GOP plots its revenge: How it hopes to get Obama back for "executive amnesty"

Here are Republicans' various options for retaliating against Obama's Royal Amnesty -- along with pros and cons

By Jim Newell
Published November 24, 2014 5:02PM (EST)
Ted Cruz, Mitch McConnell                                   (Reuters/Jason Reed/J. Scott Applewhite/photo montage by Salon)
Ted Cruz, Mitch McConnell (Reuters/Jason Reed/J. Scott Applewhite/photo montage by Salon)

Anyone else hear that whirring noise in the sky today? The Republicans' #ideas machine is spinning madly. Not so much in terms of developing a broadly popular policy agenda to boost employment and middle-class wages -- obviously the Keystone pipeline will take care of all that as soon as it's muscled through the next Congress. Instead, what we're seeing is a sort of Golden Age of discovery in terms of ways to stick it to Obama for doing something they don't like. They're welcome to do that. Obama does something they don't like -- an executive action on immigration -- they do something he doesn't like. That's what makes America the greatest country in the history of the universe.

Which path(s) will they go down with their response? Some combination of the following.


The president doesn't have to commit a crime per se in order to be impeached. Congress can determine that the president has simply abused his powers to an extent that removal from office is warranted. Celebrated conservative columnist Charles Krauthammer, for one, has described executive action as an "impeachable offense."  Among actual legislators, though, impeachment talk is only taking place on the margins. Rep. Walter Jones, who doesn't give a crap about obeying leadership's orders, is all about impeachment.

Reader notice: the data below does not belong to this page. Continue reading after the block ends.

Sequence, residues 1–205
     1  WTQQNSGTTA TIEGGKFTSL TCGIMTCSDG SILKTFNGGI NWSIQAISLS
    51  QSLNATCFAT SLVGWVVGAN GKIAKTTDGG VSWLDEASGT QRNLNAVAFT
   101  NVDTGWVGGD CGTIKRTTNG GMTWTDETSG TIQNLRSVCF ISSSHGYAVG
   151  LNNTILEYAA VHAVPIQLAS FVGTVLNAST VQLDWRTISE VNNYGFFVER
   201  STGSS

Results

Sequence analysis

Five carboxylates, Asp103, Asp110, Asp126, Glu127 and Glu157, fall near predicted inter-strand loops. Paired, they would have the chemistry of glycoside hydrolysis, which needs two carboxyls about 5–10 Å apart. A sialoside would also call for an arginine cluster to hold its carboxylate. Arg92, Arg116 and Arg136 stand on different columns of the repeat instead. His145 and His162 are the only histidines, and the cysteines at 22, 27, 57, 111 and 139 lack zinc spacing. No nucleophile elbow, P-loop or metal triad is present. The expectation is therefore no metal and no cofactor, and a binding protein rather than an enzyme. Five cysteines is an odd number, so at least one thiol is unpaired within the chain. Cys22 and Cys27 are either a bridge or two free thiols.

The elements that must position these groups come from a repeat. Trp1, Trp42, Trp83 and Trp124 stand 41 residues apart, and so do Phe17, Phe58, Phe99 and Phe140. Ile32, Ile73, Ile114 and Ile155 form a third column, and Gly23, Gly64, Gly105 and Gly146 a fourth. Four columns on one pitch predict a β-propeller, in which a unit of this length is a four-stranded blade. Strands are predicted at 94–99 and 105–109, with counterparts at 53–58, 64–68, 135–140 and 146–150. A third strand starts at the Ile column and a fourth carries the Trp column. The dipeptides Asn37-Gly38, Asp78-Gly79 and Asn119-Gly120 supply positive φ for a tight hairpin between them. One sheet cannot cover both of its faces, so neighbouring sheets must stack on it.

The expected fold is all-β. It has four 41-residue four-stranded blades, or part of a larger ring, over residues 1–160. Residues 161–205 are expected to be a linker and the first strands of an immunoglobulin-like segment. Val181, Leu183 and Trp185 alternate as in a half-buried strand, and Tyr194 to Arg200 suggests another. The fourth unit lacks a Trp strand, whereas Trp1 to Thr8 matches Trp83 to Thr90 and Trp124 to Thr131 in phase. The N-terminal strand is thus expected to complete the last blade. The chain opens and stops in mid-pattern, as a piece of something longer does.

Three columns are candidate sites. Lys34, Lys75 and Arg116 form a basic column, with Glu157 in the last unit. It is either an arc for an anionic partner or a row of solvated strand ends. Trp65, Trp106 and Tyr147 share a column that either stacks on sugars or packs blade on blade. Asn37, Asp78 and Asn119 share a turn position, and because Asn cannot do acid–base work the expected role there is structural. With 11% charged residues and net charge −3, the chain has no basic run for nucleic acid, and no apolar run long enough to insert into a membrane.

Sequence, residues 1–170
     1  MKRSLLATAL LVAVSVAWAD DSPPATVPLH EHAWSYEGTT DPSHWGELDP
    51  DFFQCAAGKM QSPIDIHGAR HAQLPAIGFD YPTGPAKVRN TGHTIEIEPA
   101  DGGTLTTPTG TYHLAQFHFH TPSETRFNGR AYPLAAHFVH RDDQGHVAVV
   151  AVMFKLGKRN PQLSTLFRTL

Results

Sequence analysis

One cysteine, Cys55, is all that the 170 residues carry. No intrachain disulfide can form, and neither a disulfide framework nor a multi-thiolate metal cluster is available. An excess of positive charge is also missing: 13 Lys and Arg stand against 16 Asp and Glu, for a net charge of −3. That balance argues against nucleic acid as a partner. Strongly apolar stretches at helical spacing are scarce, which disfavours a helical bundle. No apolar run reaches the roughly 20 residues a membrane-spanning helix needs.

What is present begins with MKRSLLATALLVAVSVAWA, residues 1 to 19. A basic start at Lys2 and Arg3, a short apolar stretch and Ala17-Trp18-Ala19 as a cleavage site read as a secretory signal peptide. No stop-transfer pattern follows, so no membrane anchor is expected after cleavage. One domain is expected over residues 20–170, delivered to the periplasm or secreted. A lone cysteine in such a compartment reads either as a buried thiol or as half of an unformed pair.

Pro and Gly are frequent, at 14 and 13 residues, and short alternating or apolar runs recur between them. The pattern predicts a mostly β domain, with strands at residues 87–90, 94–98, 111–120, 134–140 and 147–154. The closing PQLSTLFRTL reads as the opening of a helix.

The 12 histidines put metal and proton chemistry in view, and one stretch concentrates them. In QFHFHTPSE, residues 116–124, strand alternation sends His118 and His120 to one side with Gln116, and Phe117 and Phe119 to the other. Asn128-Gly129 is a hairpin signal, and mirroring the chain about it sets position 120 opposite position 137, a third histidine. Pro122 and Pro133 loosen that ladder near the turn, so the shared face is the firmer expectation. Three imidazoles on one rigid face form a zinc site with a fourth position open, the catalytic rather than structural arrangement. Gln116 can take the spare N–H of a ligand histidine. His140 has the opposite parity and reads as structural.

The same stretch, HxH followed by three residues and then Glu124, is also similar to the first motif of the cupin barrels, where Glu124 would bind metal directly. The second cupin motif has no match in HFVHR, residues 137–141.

Upside for Republicans: possibly getting rid of the petty tyrant King Obama.

Downside for Republicans: It will never work because the Senate won't convict him and they would look like silly people.

Defunding executive action through the budget process

This is the most discussed form of recourse. Republicans are considering passing a short-term bill to extent funding of the government into the new, fully Republican-controlled Congress. From there the Congress can send to the president's desk a bill that funds the government through the rest of the fiscal year, but with language barring enforcement of the executive action. This same dynamic comes in other procedural flavors.

This risks a veto from the president and a shutdown. Some Republicans feel that a shutdown might work -- the last shutdown clearly didn't hurt their prospects that much in the 2014 midterms, and the public may rally to their side on this fight. Congressional Republicans who matter, though, like Mitch McConnell and John Boehner, seem to think that a shutdown would be a disaster for the Republican brand, since the public tends to blame shutdowns on Republicans.

Upside: getting the executive action defunded.

Downside: shutting down the government and getting blamed for it.